Over the last 17 years, I have tried every possible tactic to eliminate repetitive manual tasks that come with running a growing business. Only one works consistently.
It’s the end of a long day. You stop for groceries and snap at the shopper who barges into the checkout line. Wait, your wallet is… still on your desk.
You throw away your bananas and dishwashing liquid and go home tired and scattered and feeling a vague sense of sadness. I was very motivated this morning. Caffeinated and ready to destroy your to-do list.But you could only cross off two minor task.
busy. That’s what happened. Emails, DMs, status meetings, notifications, spreadsheets, system updates, budget revisions, approvals, expenses, scheduling and more.
A busy job is the slow leak of a professional tire. It’s about quick demands and ever-present digital distractions. It’s outdated technology and well-meaning co-workers who want to “go back” and his MIA contractor who has to send emails. again.
We all have too much on our plates. Still, focus is more important than ever. This creates a catch-22 for anyone actually trying. achieve something at work
Over the last 17 years, I have tried every possible tactic to eliminate repetitive manual tasks that come with running a growing business. Automation is the only thing that works consistently.
Automation maximizes your potential
Despite starting a company called Jotform, I don’t really care about forms. However, I am determined to continue building Jotform and help people and organizations become more productive.
That’s why I wrote a new book. Automate busy workThe world of work has changed dramatically and will continue to do so with the rise of AI and automation. To be truly productive, you must apply your skills and innate talents to build systems that work on autopilot.
You should also change the vision of work straight to circular. Most of us are trained to move step by step in our daily lives. For example, as a marketing manager for a small consumer brand, I could create a customer satisfaction survey, review it with my colleagues, email it to anyone who made a purchase in the last 30 days, send him a follow-up note, You can analyze your responses.
Automation requires circular thinking. With easy tools, you can create purchase-triggered online surveys and automatically aggregate results into digital reports. This loop runs quietly in the background, giving you time and brain space to interact with your customers and develop strategic marketing campaigns.
Technology evolves so quickly that certain examples quickly become obsolete. However, the principles of automation survive as tools advance. It’s like learning to cook. With the right skills, you can grill vegetables, poach eggs, and bake pies. Automation allows you to spend your time creating delicious new recipes instead of spending time churning out those pies.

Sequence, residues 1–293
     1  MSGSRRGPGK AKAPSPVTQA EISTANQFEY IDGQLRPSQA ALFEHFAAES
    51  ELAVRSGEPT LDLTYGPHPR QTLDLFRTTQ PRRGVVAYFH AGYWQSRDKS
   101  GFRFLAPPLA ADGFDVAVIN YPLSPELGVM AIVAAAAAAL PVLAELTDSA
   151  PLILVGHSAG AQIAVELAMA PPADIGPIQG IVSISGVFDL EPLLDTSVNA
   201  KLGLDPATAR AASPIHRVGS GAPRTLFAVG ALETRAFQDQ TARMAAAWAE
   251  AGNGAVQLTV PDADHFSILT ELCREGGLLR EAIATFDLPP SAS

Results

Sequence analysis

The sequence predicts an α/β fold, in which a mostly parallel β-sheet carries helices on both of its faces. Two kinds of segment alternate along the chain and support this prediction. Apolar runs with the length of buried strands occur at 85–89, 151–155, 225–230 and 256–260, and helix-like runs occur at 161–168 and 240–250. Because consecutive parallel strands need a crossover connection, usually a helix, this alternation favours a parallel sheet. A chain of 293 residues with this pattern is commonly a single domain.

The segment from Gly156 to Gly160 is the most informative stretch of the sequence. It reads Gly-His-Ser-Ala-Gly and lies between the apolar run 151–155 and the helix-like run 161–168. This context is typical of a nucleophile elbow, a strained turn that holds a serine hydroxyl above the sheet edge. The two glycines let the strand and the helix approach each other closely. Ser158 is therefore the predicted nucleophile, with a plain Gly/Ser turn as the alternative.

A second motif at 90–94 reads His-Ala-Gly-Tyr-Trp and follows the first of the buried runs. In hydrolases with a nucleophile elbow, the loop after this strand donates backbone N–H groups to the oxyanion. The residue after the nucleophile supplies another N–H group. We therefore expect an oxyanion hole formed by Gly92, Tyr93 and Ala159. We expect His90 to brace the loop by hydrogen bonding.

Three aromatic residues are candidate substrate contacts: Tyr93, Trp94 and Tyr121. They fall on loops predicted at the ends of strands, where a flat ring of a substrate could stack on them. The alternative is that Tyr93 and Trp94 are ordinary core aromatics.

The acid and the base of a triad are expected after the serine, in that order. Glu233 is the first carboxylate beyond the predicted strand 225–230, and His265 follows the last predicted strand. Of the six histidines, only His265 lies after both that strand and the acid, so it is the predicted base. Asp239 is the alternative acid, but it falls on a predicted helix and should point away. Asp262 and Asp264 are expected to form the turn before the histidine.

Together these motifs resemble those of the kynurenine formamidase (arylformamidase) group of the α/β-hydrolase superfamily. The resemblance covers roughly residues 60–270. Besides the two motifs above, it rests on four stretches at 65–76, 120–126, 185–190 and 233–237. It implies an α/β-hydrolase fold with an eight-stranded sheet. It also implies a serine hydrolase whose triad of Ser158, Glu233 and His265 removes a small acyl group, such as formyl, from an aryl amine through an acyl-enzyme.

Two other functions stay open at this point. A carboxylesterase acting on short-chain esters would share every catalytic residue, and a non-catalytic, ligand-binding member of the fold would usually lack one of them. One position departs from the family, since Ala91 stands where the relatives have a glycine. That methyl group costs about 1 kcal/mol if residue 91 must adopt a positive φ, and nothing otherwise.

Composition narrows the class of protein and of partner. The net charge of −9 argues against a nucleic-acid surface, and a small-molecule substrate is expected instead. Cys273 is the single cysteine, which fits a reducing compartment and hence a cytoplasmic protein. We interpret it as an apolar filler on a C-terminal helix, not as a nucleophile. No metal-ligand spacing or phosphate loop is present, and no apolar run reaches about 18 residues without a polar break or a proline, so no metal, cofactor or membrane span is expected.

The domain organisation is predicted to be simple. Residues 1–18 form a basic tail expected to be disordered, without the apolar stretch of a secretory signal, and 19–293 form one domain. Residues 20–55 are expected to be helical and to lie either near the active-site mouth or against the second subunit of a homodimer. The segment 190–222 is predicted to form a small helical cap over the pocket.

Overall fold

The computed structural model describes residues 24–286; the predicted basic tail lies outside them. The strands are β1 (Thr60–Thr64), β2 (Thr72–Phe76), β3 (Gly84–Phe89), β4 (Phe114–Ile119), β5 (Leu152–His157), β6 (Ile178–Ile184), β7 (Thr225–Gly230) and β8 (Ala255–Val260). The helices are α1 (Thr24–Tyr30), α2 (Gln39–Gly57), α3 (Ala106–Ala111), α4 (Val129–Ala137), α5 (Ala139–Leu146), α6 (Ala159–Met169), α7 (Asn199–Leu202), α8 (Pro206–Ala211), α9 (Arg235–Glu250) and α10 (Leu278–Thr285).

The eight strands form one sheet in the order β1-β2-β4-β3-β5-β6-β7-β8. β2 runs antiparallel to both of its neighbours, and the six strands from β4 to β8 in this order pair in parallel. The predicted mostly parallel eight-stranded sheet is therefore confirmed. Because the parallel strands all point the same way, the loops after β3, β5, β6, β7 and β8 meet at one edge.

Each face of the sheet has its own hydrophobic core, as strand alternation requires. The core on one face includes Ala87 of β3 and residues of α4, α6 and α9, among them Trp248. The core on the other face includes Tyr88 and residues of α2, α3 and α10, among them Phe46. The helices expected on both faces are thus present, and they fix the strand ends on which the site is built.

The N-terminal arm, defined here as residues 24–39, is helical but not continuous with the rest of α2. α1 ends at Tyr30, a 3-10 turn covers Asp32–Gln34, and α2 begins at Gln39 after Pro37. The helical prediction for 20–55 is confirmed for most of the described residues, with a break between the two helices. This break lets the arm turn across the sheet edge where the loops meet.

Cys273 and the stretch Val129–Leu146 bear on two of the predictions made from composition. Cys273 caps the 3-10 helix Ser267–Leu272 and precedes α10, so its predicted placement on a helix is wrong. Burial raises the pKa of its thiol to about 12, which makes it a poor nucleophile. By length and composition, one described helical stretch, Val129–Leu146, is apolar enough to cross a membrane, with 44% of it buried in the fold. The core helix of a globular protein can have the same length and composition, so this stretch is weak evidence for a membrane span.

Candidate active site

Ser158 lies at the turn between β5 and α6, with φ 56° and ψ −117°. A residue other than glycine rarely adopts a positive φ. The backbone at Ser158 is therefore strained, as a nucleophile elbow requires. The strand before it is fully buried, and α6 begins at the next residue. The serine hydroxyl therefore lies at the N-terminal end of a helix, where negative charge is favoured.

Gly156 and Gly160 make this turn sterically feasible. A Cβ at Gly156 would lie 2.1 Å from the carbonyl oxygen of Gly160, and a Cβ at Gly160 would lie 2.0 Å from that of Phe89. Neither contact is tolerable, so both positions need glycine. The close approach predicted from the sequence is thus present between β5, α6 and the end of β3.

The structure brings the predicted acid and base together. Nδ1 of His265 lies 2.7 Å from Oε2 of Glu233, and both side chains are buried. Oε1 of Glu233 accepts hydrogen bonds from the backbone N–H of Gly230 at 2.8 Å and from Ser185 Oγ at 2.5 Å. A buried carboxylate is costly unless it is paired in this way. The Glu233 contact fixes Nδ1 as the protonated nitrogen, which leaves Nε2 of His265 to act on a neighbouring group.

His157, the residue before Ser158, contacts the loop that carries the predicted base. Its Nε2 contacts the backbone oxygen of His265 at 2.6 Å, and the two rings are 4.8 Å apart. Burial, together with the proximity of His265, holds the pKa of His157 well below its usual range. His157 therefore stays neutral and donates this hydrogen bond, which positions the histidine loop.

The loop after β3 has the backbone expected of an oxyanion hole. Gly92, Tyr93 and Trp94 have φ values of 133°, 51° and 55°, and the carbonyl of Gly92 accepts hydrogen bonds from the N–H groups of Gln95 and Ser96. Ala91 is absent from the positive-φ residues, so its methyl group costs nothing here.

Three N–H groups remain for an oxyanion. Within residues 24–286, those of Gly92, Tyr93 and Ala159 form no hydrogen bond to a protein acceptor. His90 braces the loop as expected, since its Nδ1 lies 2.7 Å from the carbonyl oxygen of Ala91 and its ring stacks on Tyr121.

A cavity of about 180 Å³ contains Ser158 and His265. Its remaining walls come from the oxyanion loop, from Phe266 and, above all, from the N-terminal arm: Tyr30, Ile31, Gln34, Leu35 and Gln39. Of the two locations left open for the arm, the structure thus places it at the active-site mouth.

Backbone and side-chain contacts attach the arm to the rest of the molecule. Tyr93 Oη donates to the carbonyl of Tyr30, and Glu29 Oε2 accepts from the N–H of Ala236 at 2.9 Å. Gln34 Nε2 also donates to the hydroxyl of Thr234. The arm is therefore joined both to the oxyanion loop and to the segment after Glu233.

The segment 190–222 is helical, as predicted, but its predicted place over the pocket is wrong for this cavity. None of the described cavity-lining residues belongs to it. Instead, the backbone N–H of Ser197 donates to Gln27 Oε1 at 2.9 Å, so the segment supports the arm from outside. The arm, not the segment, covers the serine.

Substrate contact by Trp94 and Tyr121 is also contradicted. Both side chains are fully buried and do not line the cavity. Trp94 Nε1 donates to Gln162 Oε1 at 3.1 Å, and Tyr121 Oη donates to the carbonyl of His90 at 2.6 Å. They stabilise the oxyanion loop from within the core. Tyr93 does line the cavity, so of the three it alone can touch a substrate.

If you’re ready to save your brain for big things, here are three ways to get started.
1. Minimize Cognitive Fatigue
Life throws a lot into our brains. Processing today’s large amounts of information requires “higher-order executive functions”. To tell Melanie Greenberg, clinical psychologist, author stress-resistant brainWhether you’re reading a report or scrolling through social media, our brains aren’t built to sustain this peak function for long periods of time. Still, that’s exactly how most of us spend our workdays.
Quick switching between tasks worsening the problem, causing fatigue, frustration, and impulsive behavior. A tired brain can also make it difficult to focus on meaningful projects. Ironically, an overstimulated mind will eventually switch to autopilot.
“After a while, our brains automate things and consume less energy,” says Greenberg.
Walking the same route to work every day takes less mental fuel than an ever-changing commute. You can take this brain-saving strategy a step further by automating busy tasks. Analyzing your spreadsheets, sorting your emails, and tidying up other chores can give you mental clarity when you need it most.
2. Accept meaningful work
Meaningful work for me is writing articles, strategizing, and working with teams. We never run payroll or schedule meetings. Relieving the boredom of work is a privilege and part of living a more prosperous life.
“These results apply whether you work as a nurse or janitor, lead an international charity for a Fortune 500 company, or work in a warehouse fulfillment center or school. is.”
in 2018 study Nine out of 10 U.S. professionals in 26 different industries said they would take a pay cut in order to consistently do meaningful work. The coverage of this trend, accelerated by the Covid-19 pandemic, has often focused on changing jobs, but that’s not the only way to go deeper. You can work on the more meaningful aspects.
3. Start a positive feedback loop
Mental exhaustion often creates a vicious circle. For example, let’s say you skip the run after work and order pizza because you’re feeling exhausted. You feel sluggish the next day because you don’t get the post-run endorphins. However, automation can create a virtuous circle.
For better or worse, most manual work has already disappeared. There are no more newspaper typesetters or projectionists. “Automation is advancing rapidly.” To tell Aaron De Smet, senior partner at McKinsey, said, “That’s why I think things are at a significant tipping point right now.”
In other words, automation, AI, and digital technology will only increase our appetite for meaningful work. can. You may not be able to stop frustrating the checkout line, but automation is a powerful way to save your brain for big purchases.